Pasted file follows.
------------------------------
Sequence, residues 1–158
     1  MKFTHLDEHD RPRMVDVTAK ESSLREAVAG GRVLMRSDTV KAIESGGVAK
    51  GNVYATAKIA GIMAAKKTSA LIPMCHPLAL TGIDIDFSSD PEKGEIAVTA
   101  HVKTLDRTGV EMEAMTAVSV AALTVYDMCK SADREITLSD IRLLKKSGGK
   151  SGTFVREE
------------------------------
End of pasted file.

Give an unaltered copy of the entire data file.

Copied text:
Sequence, residues 1–158
     1  MKFTHLDEHD RPRMVDVTAK ESSLREAVAG GRVLMRSDTV KAIESGGVAK
    51  GNVYATAKIA GIMAAKKTSA LIPMCHPLAL TGIDIDFSSD PEKGEIAVTA
   101  HVKTLDRTGV EMEAMTAVSV AALTVYDMCK SADREITLSD IRLLKKSGGK
   151  SGTFVREE